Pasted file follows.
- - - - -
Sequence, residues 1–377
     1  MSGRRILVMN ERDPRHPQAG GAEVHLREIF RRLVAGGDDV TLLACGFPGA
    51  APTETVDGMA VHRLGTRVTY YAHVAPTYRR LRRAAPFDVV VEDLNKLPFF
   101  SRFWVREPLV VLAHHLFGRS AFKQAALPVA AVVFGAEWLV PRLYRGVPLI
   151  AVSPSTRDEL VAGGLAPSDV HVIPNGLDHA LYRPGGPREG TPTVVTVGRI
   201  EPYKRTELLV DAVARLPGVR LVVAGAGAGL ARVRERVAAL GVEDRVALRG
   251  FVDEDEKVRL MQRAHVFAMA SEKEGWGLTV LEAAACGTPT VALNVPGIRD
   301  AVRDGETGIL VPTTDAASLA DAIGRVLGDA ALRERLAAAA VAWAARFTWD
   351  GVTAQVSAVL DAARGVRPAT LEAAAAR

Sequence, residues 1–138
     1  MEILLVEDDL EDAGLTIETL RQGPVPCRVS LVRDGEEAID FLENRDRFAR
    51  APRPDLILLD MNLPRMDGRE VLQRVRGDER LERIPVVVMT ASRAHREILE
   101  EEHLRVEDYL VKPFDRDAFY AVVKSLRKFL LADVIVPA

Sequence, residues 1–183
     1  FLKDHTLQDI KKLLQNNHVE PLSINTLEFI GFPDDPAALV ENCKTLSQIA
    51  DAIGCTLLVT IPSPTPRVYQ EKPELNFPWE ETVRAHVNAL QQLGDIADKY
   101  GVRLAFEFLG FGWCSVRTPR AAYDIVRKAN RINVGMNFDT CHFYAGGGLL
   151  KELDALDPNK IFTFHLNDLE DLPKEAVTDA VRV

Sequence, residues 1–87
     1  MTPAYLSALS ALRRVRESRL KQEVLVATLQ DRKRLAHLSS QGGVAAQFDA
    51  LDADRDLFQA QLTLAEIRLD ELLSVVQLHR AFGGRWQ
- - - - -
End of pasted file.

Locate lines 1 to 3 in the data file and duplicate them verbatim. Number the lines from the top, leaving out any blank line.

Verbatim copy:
Sequence, residues 1–377
     1  MSGRRILVMN ERDPRHPQAG GAEVHLREIF RRLVAGGDDV TLLACGFPGA
    51  APTETVDGMA VHRLGTRVTY YAHVAPTYRR LRRAAPFDVV VEDLNKLPFF